About This Blog

Monday, October 9, 2017

"Emotionally Healthy Relationships Day by Day" (Peter Scazzero)

TITLE: Emotionally Healthy Relationships Day by Day: A 40-Day Journey to Deeply Change Your Relationships
AUTHOR: Peter Scazzero
PUBLISHER: Grand Rapids, MI: Zondervan, 2017, (272 pages).

Brother Lawrence teaches us to practice the presence of God in the midst of work and doing our daily chores. Advocates of the marketplace ministries assert that Christian living need not be restricted to just Sundays or weekends. Benedictine monks through the centuries have practiced the daily office and liturgy of the hours so that they could saturate the day of work with prayers and praises. All of these are ways to instil a sense of being mindful of God's presence in all of our daily lives. Strictly speaking, the "Daily Office" is about fixed time prayers throughout the day, where prayers and devotions are the first work of the day, and interspersed at regular intervals for the rest of the day. St Benedict structured eight daily offices so that the community could order their lives around it. Using this ancient spiritual practice, author Peter Scazzero has creatively arranged his bestselling "Emotionally Health" themes to help us grow in emotional health within a 40-day period.  This is spread out in eight weeks to parallel the eight daily offices.

  • Week One: Take Your Community Temperature Reading
  • Week Two: Stop Mind Reading and Clarify Expectations
  • Week Three: Genogram Your Family
  • Week Four: Explore the Iceberg
  • Week Five: Listen Incarnationally
  • Week Six: Climb the Ladder of Integrity
  • Week Seven: Fight Clean
  • Week Eight: Develop a Rule of Life to Implement Emotionally Healthy Skills

Friday, October 6, 2017

"Spiritual Maturity" (J. Oswald Sanders)

TITLE: Spiritual Maturity: Principles of Spiritual Growth for Every Believer (Sanders Spiritual Growth Series)
AUTHOR: J. Oswald Sanders
PUBLISHER: Chicago, IL: Moody Publishers, 2017, (288 pages).

We grow not because of our efforts and programs. We grow because of God's grace and mercy. More importantly, we grow according to the holy character of God Himself in the Triune Godhead: Father, Son, and Holy Spirit. The key thesis in this book is that spiritual maturity is about growing in holiness according to God the Father; growing in conformity to the image of Christ; and growing in obedience to the leading of the Holy Spirit. Written in three parts, each part is devoted to describing the unique ways we can grow in accordance to God's Personal Character.

In Part One, we learn about trusting in God's providence; revering in God's holiness; gratitude about God's Perseverance; accepting of God's disciplines; hoping in God's ultimate deliverance; and looking forward to God's ultimate promises in time to come. Part Two reveals to us the vision of God in Christ; the humble sacrifice of Christ as Lamb; the way Christ prayed for us; the costs of discipleship; the personal pleas for us to follow Him; and learning to live victoriously in Christ. Part Three is about the ways of the Holy Spirit through the transforming power; the purging fire; the powerful outworking of God's will in gifts and signs; and the evangelization of the world. Each chapter begins with a Bible verse followed by a passage to be read. Sanders then launches into a devotional cum reflection on the Character of God as described in the passage. With vivid illustrations and powerful images of God's Personhood, Sanders does not simply show us the light to spiritual growth, he lets God be illuminated through the pages to teach us the ways of God and the path toward spiritual maturity.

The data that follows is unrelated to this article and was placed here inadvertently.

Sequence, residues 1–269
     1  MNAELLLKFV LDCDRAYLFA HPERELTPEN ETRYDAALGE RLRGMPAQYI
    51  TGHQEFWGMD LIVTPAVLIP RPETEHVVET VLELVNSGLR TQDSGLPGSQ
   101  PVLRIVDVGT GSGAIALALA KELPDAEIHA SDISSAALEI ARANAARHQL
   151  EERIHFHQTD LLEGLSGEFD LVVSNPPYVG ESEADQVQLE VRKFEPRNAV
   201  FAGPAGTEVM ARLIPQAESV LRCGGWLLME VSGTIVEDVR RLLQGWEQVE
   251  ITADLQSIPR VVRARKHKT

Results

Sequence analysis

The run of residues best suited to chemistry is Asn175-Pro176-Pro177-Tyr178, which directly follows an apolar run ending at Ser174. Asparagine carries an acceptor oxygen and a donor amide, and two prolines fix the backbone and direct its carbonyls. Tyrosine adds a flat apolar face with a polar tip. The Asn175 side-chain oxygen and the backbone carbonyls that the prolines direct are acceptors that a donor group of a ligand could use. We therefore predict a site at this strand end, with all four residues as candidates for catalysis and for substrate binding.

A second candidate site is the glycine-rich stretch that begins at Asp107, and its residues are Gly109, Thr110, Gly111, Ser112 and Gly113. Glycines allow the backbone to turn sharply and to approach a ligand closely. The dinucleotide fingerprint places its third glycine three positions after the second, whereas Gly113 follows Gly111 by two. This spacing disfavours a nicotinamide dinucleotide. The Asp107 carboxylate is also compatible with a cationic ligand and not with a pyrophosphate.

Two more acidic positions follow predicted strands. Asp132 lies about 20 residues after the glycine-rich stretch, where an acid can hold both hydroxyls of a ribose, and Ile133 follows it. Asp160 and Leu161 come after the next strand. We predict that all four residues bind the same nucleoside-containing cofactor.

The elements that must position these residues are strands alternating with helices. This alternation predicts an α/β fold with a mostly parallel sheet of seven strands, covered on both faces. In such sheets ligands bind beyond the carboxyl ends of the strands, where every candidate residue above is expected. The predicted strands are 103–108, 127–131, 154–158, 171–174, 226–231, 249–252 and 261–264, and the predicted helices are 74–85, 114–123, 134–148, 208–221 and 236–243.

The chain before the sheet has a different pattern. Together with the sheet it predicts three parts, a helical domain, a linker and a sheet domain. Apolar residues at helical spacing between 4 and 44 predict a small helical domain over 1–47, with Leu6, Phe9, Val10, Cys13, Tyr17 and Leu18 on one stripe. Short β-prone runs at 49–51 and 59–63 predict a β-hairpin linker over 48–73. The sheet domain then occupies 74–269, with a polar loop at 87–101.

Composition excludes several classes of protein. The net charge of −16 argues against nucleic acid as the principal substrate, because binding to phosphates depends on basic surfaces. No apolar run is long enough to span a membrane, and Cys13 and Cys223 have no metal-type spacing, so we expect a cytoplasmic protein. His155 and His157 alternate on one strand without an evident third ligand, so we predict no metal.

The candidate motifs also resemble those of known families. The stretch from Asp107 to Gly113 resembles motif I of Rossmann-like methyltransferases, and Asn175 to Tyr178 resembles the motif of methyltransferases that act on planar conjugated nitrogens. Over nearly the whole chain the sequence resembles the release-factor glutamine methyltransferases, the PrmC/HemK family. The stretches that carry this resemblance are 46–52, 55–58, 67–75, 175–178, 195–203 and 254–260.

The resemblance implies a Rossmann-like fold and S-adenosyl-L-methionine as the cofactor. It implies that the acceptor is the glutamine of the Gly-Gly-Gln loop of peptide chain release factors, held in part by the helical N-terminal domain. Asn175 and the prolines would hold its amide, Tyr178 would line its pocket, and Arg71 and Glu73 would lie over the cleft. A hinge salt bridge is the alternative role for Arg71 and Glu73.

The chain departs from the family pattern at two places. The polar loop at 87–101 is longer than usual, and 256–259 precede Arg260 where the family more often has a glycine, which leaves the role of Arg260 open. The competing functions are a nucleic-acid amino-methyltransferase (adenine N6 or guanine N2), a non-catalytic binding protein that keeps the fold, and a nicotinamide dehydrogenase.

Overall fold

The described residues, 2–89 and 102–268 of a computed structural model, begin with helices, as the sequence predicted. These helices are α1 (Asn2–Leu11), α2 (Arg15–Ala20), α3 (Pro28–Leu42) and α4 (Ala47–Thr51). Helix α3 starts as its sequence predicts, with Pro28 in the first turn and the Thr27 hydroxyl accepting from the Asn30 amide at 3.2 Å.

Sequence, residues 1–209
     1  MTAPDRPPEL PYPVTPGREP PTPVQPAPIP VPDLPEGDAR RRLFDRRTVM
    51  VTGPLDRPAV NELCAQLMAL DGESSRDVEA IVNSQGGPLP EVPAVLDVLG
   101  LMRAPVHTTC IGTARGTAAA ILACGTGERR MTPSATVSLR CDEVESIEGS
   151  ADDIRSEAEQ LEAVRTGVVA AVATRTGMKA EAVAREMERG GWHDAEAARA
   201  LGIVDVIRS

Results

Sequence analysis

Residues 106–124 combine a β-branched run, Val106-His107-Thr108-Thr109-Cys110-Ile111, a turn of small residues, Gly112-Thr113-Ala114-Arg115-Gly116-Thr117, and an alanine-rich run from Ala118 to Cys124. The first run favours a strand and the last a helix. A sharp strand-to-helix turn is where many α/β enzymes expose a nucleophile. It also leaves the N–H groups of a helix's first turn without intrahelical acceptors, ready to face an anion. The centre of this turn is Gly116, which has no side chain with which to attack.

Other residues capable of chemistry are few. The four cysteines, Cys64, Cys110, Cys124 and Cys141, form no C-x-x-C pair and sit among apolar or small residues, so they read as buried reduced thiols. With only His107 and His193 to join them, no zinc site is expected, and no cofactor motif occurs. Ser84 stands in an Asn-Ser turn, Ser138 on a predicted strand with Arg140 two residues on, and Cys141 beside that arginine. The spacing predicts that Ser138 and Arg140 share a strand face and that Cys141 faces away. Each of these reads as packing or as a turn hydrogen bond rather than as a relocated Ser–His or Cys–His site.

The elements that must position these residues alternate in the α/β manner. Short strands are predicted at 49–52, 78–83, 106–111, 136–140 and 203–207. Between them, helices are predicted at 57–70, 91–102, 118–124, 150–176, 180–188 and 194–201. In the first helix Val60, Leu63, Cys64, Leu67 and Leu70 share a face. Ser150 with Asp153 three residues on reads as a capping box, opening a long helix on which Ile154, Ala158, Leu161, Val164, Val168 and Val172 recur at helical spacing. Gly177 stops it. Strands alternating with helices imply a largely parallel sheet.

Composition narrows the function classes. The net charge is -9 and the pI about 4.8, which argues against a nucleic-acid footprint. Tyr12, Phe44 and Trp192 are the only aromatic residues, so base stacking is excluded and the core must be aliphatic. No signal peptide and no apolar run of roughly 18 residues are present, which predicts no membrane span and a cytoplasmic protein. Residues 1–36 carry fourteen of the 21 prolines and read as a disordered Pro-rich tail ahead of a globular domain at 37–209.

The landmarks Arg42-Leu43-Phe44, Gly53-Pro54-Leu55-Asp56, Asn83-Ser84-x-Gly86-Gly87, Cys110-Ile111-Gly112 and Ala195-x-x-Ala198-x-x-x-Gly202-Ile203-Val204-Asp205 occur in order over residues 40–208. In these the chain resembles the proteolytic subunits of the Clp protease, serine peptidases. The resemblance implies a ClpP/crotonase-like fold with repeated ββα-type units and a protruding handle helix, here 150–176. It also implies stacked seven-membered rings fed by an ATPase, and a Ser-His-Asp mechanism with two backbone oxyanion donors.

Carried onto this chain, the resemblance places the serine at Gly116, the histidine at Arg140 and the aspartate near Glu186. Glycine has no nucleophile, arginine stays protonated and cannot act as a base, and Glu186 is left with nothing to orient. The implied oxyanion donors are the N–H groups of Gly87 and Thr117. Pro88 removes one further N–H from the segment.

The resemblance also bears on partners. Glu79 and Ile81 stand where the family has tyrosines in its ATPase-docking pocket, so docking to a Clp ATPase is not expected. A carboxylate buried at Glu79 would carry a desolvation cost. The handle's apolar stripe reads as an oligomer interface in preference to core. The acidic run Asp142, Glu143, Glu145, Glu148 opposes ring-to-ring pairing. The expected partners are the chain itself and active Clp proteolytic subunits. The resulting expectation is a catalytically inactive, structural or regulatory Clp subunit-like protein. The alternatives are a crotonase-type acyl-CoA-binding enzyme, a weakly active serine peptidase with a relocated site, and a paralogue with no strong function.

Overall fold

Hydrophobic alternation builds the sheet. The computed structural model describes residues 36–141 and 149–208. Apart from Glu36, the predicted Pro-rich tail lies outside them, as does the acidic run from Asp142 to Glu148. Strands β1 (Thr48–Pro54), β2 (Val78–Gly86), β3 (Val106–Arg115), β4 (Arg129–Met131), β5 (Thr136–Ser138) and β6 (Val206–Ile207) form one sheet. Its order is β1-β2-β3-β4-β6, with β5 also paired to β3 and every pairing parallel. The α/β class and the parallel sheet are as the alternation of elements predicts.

Sunday, October 1, 2017

"Meditations on the Trinity" (A.W. Tozer)

TITLE: Meditations on the Trinity: Beauty, Mystery, and Glory in the Life of God
AUTHOR: A.W. Tozer
PUBLISHER: Chicago, IL: Moody Publishers, 2017, (320 pages).

The doctrine of the Trinity is most foundational to the Christian faith. All cults, heresies, and alternative religions differ from orthodox Christianity on this point alone. There is beauty, mystery, and glory of the Triune God. Instead of following the many theologians and scholars who have covered the doctrinal and theological basis of the Trinity, Tozer shows us both the theological and devotional aspect. The Christian life begins with God, and our Christian living begins with reflections on the character of God and how we are to live according to how God had revealed himself. This is the key purpose of this book.

There are four parts to the book. The first comprises reflections on God the Father. It points out God being in existence right from the beginning; that He is Creator; He is Immanent; and eternal; Immortal; and all the fine divine attributes believers often talk about. The second describes God the Son, His humanity; His divinity; His Personhood; Relationship with people; the gospel; the Passion; the Cross; etc. The third is on the Holy Spirit; His Presence; Pentecost; Comforter; Indweller; etc. The fourth part brings all of these together to emphasize the unity of God.

All the articles are brief reflections and could be used as daily devotionals. They begins with a verse from the Bible followed by a brief description of God, ending with a prayer. Do not let the brevity of the chapters deceive. Tozer has a gift of conveying profound thoughts of God through brief notes. Coupled with his pastoral experience, he not only describes God through the interpretation of Scripture, but what ignorant and feeble human souls need. As I read the pages, I sense a gentle persuasion toward worship and rightly so. Any theology cannot remain in theory form, but must lead to doxology.